How Understanding the Nature of Reality Ends Suffering – Rupert Spira and Mark Vernon
Mark is a psychotherapist with an academic background, and he has also trained as a Christian priest. He is a religious man, who finds in poetry and literature a way to approach spiritual understanding, and in this light, he has recently completed a study of Dante’s Divine Comedy.
Mark and Rupert share a love and knowledge of the poetry of William Blake, Rumi and other Sufis, and their dialogue begins with Mark quoting a section from the opening of Blake’s ‘Jerusalem’:
Awake, awake, O sleeper of the Land of Shadows, wake! expand!
I am in you and you in me, mutual in love divine:
. . . . . . . . . . . . . . . . . . . . . . . . . . . . . . . . . . . . . . . .
Lo! we are One;
They explore the theme of ‘oneness with the divine’ as the essence of the non-dual understanding. The poem mirrors the journey that most people who come to the spiritual path take, through unbearable suffering, to find at some point that suffering inverted, when, in Blake’s words again:
. . . The Furnaces [of Affliction] became
Fountains of Living Waters, flowing from the Humanity Divine.
Rupert says that although suffering is something we, as separate individuals, want to be rid of, it can be seen as the gravitational pull of our true nature, the call to return to wholeness. He sums this up as ‘our longing for God is God’s love for us’. To realise this, it is necessary to let go of anything that limits us, our strongest attachments, which can often involve such a direct encounter with our suffering that it is like a kind of death.
Mark quotes T.S. Eliot, ‘The time of death is every moment’, and says that he feels there is something crucial in this at this particular time, when there seems a heightened awareness of suffering and fear of death. They explore this fear, and how it is exacerbated by the extent to which our culture, having completely lost sight of what we truly are, is stuck in the belief that we, ourselves, are identical to our bodies.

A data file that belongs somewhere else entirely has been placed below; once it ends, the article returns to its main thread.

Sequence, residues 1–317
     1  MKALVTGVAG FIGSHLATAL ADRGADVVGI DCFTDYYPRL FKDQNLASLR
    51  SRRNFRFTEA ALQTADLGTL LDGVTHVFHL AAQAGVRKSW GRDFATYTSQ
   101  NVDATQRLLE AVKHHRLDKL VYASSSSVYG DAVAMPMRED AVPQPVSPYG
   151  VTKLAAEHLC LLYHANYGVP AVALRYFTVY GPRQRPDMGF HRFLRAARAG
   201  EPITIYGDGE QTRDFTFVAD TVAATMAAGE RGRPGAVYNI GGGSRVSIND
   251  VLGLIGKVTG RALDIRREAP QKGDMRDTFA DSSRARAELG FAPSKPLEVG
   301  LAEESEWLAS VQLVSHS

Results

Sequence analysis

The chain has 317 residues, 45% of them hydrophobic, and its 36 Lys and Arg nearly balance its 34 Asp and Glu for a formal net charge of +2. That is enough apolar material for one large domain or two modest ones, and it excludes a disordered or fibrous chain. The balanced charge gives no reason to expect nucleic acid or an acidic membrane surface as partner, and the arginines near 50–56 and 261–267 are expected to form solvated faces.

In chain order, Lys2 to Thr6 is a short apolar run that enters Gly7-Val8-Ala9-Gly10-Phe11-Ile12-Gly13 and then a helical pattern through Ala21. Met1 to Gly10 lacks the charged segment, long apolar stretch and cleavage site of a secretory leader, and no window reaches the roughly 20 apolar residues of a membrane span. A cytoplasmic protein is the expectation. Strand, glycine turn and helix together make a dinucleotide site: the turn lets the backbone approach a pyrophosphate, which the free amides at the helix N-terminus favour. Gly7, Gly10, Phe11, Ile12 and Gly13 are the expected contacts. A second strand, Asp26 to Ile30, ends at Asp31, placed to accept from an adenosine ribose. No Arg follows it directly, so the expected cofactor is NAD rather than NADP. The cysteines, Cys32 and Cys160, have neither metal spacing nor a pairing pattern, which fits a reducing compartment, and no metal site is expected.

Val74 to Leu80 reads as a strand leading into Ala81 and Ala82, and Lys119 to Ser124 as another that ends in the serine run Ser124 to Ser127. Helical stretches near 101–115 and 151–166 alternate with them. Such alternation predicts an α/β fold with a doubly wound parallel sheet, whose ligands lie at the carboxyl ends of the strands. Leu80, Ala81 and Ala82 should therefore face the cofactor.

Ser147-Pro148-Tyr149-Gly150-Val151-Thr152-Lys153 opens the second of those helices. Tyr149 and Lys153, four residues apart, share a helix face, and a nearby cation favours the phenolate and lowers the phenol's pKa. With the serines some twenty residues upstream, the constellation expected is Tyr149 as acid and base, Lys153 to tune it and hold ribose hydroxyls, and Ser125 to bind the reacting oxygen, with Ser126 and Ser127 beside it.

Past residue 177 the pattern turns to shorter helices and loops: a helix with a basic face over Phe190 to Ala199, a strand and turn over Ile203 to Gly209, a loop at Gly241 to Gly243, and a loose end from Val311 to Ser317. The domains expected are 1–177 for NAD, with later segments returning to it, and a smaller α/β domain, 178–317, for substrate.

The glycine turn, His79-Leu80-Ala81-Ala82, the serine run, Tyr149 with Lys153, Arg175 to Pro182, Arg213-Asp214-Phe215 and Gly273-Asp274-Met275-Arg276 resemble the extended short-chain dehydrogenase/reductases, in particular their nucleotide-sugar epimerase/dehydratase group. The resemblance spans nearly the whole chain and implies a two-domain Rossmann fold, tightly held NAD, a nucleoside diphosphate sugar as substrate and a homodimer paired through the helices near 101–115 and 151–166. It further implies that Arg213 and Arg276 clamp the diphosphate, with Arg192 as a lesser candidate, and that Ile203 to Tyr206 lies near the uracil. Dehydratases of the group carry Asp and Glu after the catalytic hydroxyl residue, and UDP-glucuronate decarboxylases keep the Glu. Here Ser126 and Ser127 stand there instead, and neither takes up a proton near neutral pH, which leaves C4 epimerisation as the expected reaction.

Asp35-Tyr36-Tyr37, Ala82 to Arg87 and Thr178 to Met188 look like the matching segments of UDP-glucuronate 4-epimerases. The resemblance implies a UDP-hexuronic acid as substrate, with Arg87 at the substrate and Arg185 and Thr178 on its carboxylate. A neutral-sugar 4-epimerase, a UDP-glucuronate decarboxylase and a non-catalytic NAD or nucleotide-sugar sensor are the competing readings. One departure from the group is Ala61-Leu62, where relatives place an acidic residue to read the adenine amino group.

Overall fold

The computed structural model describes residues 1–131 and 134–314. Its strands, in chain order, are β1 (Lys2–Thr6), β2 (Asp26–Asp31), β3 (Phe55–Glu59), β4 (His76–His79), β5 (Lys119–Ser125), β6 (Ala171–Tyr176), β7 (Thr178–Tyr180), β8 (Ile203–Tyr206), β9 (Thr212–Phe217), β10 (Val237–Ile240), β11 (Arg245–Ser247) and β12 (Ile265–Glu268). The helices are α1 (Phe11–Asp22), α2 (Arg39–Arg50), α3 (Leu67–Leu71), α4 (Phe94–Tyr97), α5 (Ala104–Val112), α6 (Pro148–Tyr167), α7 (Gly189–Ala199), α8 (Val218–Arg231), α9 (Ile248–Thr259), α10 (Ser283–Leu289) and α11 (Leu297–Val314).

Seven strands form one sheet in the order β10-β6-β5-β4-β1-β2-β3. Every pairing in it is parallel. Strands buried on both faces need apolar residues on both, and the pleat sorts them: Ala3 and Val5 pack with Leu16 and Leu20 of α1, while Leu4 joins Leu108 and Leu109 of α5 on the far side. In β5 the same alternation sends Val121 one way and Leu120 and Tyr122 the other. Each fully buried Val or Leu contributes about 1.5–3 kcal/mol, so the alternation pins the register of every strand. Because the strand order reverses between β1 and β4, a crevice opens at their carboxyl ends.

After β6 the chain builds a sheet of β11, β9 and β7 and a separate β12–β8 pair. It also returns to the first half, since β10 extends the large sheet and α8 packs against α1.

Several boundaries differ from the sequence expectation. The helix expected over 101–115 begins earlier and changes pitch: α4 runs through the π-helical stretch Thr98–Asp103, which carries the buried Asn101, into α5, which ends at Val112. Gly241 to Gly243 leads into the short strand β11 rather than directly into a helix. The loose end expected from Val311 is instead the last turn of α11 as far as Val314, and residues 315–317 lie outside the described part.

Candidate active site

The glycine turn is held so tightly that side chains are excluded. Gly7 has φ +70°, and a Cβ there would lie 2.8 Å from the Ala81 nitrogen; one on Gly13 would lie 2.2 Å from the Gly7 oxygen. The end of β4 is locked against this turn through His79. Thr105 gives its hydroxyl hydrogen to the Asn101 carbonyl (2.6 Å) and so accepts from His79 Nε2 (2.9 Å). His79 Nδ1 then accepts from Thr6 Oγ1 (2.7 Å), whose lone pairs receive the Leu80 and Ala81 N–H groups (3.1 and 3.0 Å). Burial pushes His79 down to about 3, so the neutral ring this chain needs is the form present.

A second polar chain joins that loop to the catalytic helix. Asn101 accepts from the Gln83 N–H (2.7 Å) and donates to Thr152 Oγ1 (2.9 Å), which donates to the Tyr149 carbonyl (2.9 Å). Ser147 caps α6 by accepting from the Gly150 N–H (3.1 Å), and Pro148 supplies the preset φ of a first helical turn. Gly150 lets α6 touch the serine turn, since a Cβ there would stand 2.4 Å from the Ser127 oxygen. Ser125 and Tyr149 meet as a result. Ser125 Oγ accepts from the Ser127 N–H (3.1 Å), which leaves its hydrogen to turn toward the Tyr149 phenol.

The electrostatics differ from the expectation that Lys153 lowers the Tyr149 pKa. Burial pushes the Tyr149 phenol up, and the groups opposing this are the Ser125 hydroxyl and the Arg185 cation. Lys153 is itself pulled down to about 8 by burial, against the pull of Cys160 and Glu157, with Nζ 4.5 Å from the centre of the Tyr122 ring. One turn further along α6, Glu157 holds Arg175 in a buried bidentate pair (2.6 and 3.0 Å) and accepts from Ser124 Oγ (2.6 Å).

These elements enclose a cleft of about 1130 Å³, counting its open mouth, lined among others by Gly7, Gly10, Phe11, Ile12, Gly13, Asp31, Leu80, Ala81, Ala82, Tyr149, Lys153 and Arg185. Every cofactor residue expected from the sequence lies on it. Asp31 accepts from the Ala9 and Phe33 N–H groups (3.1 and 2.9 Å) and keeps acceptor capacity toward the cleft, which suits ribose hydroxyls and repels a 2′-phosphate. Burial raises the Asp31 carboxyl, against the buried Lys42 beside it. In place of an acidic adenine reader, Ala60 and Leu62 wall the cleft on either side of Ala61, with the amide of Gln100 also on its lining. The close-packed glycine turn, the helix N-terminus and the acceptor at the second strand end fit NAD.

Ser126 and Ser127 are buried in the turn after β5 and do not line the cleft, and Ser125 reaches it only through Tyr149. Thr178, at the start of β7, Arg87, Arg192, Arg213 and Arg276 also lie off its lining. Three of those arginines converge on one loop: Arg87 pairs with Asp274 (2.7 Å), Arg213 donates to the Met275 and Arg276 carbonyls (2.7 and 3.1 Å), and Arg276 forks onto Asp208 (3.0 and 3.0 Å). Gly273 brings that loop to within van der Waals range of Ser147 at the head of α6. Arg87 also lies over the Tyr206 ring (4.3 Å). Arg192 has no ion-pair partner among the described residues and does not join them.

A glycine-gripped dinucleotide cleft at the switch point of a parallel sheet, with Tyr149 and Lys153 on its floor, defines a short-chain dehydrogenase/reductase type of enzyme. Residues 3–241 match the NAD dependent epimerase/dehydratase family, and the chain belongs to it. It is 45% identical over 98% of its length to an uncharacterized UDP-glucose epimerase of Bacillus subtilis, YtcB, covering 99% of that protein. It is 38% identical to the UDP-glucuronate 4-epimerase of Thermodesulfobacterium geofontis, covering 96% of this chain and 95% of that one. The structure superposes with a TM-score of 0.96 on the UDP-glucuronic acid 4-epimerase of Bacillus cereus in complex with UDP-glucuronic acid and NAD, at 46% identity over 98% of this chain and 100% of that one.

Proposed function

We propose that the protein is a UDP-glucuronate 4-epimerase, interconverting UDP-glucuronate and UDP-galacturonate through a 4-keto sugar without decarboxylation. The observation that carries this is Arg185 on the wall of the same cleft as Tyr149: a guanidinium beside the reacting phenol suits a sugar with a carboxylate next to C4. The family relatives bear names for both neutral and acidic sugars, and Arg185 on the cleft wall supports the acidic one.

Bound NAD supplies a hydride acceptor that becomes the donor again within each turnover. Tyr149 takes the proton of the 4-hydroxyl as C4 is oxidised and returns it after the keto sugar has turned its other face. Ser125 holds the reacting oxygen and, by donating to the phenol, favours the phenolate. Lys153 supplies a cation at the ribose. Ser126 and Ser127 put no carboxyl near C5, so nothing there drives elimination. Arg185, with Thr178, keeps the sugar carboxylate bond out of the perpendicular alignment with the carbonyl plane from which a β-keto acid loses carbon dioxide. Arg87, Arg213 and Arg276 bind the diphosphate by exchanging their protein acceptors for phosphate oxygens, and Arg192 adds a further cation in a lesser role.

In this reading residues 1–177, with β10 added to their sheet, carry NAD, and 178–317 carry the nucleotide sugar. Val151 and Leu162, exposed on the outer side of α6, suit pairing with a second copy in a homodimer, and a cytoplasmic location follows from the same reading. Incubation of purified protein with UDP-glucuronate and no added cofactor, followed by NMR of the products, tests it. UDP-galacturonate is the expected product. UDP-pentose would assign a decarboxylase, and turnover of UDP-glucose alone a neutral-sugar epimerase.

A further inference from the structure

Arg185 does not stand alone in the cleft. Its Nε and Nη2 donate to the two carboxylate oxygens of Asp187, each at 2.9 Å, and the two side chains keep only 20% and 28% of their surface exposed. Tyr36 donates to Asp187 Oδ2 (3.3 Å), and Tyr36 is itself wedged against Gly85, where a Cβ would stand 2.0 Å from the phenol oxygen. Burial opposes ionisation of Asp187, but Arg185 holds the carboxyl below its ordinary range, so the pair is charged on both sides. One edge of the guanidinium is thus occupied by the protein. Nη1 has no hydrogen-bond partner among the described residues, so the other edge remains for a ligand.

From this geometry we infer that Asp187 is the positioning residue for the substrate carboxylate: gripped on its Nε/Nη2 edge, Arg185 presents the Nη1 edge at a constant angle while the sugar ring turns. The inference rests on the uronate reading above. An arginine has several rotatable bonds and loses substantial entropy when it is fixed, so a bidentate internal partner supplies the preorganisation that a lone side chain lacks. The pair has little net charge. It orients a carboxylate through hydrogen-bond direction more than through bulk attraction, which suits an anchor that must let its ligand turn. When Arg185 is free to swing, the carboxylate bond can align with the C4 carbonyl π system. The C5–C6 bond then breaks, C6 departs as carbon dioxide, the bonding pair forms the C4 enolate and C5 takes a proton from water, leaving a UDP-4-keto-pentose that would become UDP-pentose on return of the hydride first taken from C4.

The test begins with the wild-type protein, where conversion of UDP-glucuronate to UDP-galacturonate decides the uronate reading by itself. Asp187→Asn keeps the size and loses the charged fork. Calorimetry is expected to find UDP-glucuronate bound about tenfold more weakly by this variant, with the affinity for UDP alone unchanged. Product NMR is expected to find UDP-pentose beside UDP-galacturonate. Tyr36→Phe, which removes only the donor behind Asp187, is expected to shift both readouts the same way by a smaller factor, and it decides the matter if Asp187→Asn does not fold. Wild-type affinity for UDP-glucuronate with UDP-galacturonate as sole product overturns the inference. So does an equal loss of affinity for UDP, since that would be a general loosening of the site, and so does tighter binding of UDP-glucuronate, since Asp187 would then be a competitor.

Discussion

All spiritual traditions speak of dying before we die, which refers to dying as an ego, or separate self, before the death of the body. So, says Rupert, the cure for the fear of death is the recognition of our essential nature, or the letting go of the inessential, the temporal, our attachments and limitations.
The conversation continues around the subject of time and space, how they are essentially mental constructs because there is actually always and only ever the here and now. Awareness of the present moment is given so much importance in spiritual practice, as it is the basis for freedom from the tyranny of conceptual thought, with its grasping, veiling, restless and never-satisfied tendencies. It is only when seeking and craving come to an end, with the withdrawal of projections back and forth in time and space, that there is the possibility of peace and happiness.
They conclude by briefly touching on various topics: the role of the erotic as not simply the fulfillment of sexual desire but also something subtler and more expansive, like a desire to love the whole of life; imagination as a means of accessing or revealing more of the deeper, unseen regions of the world; and, finally, on angels as messengers from those intermediary realms not always accessible to the embodied human mind.
Mark finishes by reading again the lines from Blake he began with, which have acquired fuller resonance and meaning through their conversation.